Australia and East Timor have ended a long-running dispute over lucrative oil and gas reserves in the Timor Sea separating the two countries. The agreement is expected to give the East Timorese billions of dollars more than officials on both sides had previously estimated.
"Fair and generous" is how Australian Prime Minister John Howard described the oil and gas deal on Wednesday.
Australian officials said the deal is worth billions of dollars to East Timor, which is one of the world's poorest countries.
The announcement came during a five-day visit to Australia by East Timorese President Xanana Gusmao.
He was accompanied by his foreign minister, Jose Ramos Horta, who said the oil and gas treaty amounted to the "best possible deal" for his tiny country.
The deal came after years of sometimes-acrimonious debate over where in the Timor Sea the border between the two countries lies. Without giving details of the agreement, Prime Minister Howard denied that Australia had treated its smaller neighbor unfairly. "We have always accepted the need to help the people of East Timor, consistent with our obligations to the Australian taxpayer," he said.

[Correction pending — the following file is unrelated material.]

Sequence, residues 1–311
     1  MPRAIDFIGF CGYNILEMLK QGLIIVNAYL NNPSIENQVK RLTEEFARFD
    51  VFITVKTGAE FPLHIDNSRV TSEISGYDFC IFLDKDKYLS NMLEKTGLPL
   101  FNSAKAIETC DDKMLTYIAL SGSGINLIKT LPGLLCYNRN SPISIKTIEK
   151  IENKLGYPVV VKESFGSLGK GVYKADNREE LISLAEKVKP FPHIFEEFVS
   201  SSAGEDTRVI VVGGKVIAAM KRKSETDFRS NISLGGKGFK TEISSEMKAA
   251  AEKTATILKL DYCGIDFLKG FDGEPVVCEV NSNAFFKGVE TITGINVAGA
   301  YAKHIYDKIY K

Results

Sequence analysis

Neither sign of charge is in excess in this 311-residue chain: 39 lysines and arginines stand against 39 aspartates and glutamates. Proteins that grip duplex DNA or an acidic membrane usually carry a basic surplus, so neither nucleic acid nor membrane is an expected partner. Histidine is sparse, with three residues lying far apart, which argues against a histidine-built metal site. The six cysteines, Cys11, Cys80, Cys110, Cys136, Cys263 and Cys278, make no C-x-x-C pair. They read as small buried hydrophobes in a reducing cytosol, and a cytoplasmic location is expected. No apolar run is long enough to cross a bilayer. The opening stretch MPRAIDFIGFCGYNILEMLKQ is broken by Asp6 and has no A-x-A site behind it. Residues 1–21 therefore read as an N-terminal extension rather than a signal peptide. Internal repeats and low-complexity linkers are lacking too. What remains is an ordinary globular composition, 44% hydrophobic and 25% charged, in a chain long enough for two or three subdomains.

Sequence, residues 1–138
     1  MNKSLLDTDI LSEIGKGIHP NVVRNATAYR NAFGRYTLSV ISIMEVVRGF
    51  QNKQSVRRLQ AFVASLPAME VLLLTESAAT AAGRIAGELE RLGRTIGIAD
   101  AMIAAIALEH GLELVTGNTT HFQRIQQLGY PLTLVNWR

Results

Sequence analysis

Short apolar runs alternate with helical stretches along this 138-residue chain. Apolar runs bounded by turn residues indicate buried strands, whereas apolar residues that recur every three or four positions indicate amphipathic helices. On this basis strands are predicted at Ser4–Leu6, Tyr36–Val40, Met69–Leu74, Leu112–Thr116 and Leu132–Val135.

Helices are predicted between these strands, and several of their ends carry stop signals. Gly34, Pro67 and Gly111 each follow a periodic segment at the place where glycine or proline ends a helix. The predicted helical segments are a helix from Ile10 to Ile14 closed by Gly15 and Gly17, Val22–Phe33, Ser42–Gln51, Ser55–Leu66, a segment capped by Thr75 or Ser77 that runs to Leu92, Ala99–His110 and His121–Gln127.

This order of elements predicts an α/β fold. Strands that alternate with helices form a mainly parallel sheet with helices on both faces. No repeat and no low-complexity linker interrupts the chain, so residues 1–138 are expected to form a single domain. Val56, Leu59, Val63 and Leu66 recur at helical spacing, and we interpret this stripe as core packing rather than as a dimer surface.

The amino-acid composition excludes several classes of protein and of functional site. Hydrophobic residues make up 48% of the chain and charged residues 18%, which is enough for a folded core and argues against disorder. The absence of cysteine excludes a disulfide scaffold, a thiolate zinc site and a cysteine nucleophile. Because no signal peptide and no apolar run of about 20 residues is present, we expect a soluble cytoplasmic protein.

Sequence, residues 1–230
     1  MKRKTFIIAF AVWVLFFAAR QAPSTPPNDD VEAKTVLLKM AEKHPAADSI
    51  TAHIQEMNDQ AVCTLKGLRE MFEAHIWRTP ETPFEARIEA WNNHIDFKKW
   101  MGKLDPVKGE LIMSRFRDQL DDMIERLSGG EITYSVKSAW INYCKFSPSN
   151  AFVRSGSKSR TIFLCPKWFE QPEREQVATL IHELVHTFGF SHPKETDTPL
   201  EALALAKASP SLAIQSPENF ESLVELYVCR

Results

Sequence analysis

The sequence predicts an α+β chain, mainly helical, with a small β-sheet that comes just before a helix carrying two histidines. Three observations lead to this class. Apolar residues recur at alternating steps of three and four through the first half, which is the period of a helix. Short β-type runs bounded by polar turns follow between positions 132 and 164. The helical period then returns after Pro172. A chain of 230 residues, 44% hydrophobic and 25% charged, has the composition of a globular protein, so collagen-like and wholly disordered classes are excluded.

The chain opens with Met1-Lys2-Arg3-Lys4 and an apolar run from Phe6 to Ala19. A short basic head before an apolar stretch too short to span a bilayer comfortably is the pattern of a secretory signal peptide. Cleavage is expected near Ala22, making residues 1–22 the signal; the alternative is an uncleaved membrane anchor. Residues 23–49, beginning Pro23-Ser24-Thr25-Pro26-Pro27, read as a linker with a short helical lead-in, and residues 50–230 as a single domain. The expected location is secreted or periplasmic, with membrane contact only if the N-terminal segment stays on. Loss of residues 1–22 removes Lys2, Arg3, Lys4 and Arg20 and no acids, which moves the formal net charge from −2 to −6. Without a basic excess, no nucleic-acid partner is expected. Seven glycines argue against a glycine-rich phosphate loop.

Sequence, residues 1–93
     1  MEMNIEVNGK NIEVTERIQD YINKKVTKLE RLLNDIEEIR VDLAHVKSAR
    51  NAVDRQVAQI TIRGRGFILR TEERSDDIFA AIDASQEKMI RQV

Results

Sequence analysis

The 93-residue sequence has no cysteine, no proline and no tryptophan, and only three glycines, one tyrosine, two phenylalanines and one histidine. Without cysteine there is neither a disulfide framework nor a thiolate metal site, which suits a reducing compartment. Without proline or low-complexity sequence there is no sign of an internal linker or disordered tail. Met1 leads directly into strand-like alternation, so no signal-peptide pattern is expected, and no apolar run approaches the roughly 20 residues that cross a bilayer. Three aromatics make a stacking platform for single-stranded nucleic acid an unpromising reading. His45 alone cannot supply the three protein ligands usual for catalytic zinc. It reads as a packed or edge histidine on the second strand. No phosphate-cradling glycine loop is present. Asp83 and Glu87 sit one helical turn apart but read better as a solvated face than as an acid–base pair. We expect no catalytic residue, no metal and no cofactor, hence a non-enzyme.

A final accord could be signed within the next few weeks. While details have not been made public, officials have been quoted as saying that East Timor agreed to defer its settlement of the seabed boundary dispute for 50 years in exchange for a greater percentage of revenues from one of the largest of the oil and gas fields.
East Timor will also reportedly continue to receive a 90 percent share of revenues from another oil and gas field, worth more than $7.5 billion.
East Timor's journey to independence from Indonesia was chaotic and violent. Attacks by pro-Indonesian militias forced the intervention of international peacekeepers, led by Australia, during a vote for independence in 1999.
The territory finally achieved its independence in May 2002, but was left bankrupt and ruined, and has struggled since to forge a sound economic future.